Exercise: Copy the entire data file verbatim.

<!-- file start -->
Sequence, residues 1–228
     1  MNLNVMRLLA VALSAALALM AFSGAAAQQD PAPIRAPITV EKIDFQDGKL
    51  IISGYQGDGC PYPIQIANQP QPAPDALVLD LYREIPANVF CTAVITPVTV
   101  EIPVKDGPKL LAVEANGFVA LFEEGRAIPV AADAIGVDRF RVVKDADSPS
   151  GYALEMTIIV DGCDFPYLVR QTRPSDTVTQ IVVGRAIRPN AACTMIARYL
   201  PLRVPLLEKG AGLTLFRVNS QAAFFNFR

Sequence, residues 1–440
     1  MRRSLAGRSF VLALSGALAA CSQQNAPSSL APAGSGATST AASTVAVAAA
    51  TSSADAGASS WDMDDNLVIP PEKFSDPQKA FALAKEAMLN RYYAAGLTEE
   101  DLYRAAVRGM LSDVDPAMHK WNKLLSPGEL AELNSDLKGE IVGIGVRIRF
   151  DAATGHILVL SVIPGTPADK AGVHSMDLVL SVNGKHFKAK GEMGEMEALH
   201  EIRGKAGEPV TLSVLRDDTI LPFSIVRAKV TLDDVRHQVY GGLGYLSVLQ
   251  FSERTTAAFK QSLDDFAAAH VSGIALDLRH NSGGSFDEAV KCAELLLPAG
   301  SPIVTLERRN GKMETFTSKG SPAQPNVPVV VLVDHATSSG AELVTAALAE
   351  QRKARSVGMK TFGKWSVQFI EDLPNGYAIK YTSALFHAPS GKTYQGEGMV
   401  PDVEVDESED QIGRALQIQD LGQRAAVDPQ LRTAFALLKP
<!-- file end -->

Sequence, residues 1–228
     1  MNLNVMRLLA VALSAALALM AFSGAAAQQD PAPIRAPITV EKIDFQDGKL
    51  IISGYQGDGC PYPIQIANQP QPAPDALVLD LYREIPANVF CTAVITPVTV
   101  EIPVKDGPKL LAVEANGFVA LFEEGRAIPV AADAIGVDRF RVVKDADSPS
   151  GYALEMTIIV DGCDFPYLVR QTRPSDTVTQ IVVGRAIRPN AACTMIARYL
   201  PLRVPLLEKG AGLTLFRVNS QAAFFNFR

Sequence, residues 1–440
     1  MRRSLAGRSF VLALSGALAA CSQQNAPSSL APAGSGATST AASTVAVAAA
    51  TSSADAGASS WDMDDNLVIP PEKFSDPQKA FALAKEAMLN RYYAAGLTEE
   101  DLYRAAVRGM LSDVDPAMHK WNKLLSPGEL AELNSDLKGE IVGIGVRIRF
   151  DAATGHILVL SVIPGTPADK AGVHSMDLVL SVNGKHFKAK GEMGEMEALH
   201  EIRGKAGEPV TLSVLRDDTI LPFSIVRAKV TLDDVRHQVY GGLGYLSVLQ
   251  FSERTTAAFK QSLDDFAAAH VSGIALDLRH NSGGSFDEAV KCAELLLPAG
   301  SPIVTLERRN GKMETFTSKG SPAQPNVPVV VLVDHATSSG AELVTAALAE
   351  QRKARSVGMK TFGKWSVQFI EDLPNGYAIK YTSALFHAPS GKTYQGEGMV
   401  PDVEVDESED QIGRALQIQD LGQRAAVDPQ LRTAFALLKP